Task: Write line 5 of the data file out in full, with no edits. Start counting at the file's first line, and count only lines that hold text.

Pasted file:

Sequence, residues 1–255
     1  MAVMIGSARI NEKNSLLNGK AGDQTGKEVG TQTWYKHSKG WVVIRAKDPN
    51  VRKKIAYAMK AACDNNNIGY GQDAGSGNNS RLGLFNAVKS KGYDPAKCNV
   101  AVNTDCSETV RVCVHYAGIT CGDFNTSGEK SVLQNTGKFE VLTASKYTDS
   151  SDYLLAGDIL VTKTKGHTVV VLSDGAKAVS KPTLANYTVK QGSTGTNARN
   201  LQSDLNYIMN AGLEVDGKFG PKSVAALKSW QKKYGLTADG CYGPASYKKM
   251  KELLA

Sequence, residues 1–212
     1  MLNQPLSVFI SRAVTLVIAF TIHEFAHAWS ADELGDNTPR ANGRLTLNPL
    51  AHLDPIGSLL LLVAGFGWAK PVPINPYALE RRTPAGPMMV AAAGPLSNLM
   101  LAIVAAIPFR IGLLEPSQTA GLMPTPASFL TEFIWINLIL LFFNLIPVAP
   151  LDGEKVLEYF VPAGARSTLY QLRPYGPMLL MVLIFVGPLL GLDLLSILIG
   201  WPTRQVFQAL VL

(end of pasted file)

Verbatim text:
   151  SDYLLAGDIL VTKTKGHTVV VLSDGAKAVS KPTLANYTVK QGSTGTNARN